About Keri Clapp

Keri Bischoff Clapp is a law school and bar exam tutor for the Law School Toolbox and Bar Exam Toolbox. Keri’s love for writing led her to journalism school and then directly to law school at Penn Law, which she absolutely loved. Keri was an executive editor and published author of the University of Pennsylvania Law Review.

After law school, she learned many life and professional lessons by clerking for a woman federal District Court judge in Philadelphia. Keri then joined a large Philadelphia law firm as a litigation associate and later worked as in-house and trial counsel for a U.S. government office.

The next act of Keri’s career brought her into the classroom to teach undergraduates and law school students. Among other courses, she has taught business law, legal research and writing, and bar exam preparation.

Navigating the Research Paper

research paper

Please welcome back Keri Clapp, professor and tutor for the Law School Toolbox and Bar Exam Toolbox to discuss how to handle your first big research paper in law school.

Once you survive your 1L year, you may be accustomed (or at least resigned) to having your grade decided by a single exam; you’ve internalized the organizational structure of legal writing, and you may have had a summer position that utilized and honed your developing skills.

Classes should be smooth sailing from here, right? Not always. Upper-level law courses demand new skills; you may not approach them with the same mix of awe and terror as your 1L self, but you’ll still need to meet new challenges. One of those challenges may be tackling the dreaded research paper. [Read more…]

What’s Your Brand?

Interview stand out personal brand

Please welcome back Keri Clapp, professor and tutor for the Law School Toolbox and Bar Exam Toolbox, to discuss establishing, developing, and promoting your personal brand in a competitive legal environment.

Starbucks or Dunkin Donuts? Lexis or WestLaw? Washington Post or Wall Street Journal? You probably have a quick response to each of these questions based on not just on specific experiences, but also on how you identify the brand of each of these products.

Take coffee, for example. Starbucks and Dunkin Donuts both sell coffee, but have distinct and differentiated brand attributes. These successful businesses have spent a lot of time and money deciding on their target customer profile; their marketing efforts—from packaging to product to location—are primarily directed to what that customer base will appreciate. This type of strategy doesn’t get derailed because some people will get coffee at home or at the gas station convenience store; a well-differentiated brand does not try to be all things to all people.

In a competitive legal market, spending some time creating and marketing your personal brand is a strong move. What qualities do you want to project when you meet someone? What attributes do you want to jump out on your resume? In sum, what do you want people to associate with you when they hear your name? [Read more…]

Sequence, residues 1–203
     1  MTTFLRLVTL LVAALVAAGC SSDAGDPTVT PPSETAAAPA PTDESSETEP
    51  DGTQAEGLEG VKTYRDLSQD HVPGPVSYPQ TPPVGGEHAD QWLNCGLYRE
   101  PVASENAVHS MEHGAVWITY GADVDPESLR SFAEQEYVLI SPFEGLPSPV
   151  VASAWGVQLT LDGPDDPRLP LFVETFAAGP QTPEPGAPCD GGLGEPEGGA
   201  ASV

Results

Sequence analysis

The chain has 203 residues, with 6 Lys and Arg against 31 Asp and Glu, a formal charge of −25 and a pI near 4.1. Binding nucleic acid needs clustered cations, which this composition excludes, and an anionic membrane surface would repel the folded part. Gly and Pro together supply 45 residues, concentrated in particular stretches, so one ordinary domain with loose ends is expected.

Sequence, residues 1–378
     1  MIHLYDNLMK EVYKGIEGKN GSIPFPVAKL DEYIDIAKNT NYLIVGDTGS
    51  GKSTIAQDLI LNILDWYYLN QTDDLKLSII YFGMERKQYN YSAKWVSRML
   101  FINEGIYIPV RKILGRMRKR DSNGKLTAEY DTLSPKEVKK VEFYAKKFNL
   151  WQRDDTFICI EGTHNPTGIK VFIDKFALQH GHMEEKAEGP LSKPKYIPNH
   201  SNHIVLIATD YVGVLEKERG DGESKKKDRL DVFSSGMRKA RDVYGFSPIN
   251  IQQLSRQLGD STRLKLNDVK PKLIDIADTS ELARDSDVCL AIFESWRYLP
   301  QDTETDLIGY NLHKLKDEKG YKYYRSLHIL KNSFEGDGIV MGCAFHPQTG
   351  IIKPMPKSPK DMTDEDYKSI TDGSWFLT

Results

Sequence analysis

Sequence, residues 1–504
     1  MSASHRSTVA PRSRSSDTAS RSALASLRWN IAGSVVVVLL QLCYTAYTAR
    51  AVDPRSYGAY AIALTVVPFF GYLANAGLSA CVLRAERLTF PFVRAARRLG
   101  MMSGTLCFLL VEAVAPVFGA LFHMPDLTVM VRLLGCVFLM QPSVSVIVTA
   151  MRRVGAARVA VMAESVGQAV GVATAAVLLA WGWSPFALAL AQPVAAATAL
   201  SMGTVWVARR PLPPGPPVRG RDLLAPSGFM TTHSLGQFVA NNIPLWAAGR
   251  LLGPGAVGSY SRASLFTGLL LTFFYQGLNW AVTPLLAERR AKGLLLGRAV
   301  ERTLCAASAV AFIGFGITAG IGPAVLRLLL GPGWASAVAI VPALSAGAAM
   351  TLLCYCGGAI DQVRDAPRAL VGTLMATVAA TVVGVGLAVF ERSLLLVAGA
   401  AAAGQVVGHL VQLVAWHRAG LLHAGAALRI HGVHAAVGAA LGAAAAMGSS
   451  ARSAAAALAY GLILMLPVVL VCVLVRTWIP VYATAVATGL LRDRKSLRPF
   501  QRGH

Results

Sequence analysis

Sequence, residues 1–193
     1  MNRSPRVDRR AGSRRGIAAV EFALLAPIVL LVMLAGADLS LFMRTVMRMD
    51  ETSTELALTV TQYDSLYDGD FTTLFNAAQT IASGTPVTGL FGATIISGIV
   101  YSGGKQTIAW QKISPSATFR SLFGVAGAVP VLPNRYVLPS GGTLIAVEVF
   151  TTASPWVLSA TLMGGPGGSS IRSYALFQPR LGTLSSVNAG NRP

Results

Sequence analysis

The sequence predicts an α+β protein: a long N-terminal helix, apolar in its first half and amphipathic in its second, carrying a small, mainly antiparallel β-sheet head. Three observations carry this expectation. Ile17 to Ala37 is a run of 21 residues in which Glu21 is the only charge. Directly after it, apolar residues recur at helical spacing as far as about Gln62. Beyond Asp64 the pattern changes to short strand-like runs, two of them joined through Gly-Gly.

With Punctuation, It’s the Little Things

Punctuation RulesPlease welcome back Keri Clapp, professor and tutor for the Law School Toolbox and Bar Exam Toolbox, to discuss the importance of proper punctuation, as well as strategies to ensure your writing is clear and leaves a good impression on your reader.

Commas, periods, and semi-colons may be the smallest marks on the page, but they can cause big problems. Punctuation is critical to clear communication because it serves as a visual cue telling the reader what you are saying and how you are saying it. Incorrect communication can confuse your message–you may have seen in the cartoon joke, “Let’s eat grandma! Let’s eat, grandma! Punctuation saves lives!”

Beyond confusing your intended meaning, incorrect punctuation is “like waving a red flag to a bull.” The phrase is an allusion to a matador waving a red flag during a bullfight to get the animal to charge; it refers to a willfully infuriating or aggravating provocation. When a legally trained reader sees a punctuation error in a piece of writing, that error is like the proverbial red flag drawing the reader’s attention to the mistake. Don’t let your readers conclude that you are careless or unskilled; learn how to catch common errors and upgrade your writing. [Read more…]

Thinking Like a Lawyer: IRAC For the Real World

Clear argumentsToday, we’re thrilled to welcome Keri Clapp, professor and tutor for the Law School Toolbox and Bar Exam Toolbox, to talk about a very important topic — how you can take your IRAC skills outside the classroom and into the real world, to contribute in a important way to shaping public discourse. 

Welcome, Keri!

There has been a lot of talk in recent weeks about fake news, “alternative facts,” and the role that the press ought to play in reporting on our government. Lately, I’ve been struck by how few people are genuinely open to discussing the pros and cons of issues. Many well-educated and generally thoughtful people have simply picked a “side” and won’t even listen to information that might contradict their “verdict.” Sure, reasonable people can differ on [many] issues, but shouldn’t there be a thorough exchange and vetting of real facts, law, and information? [Read more…]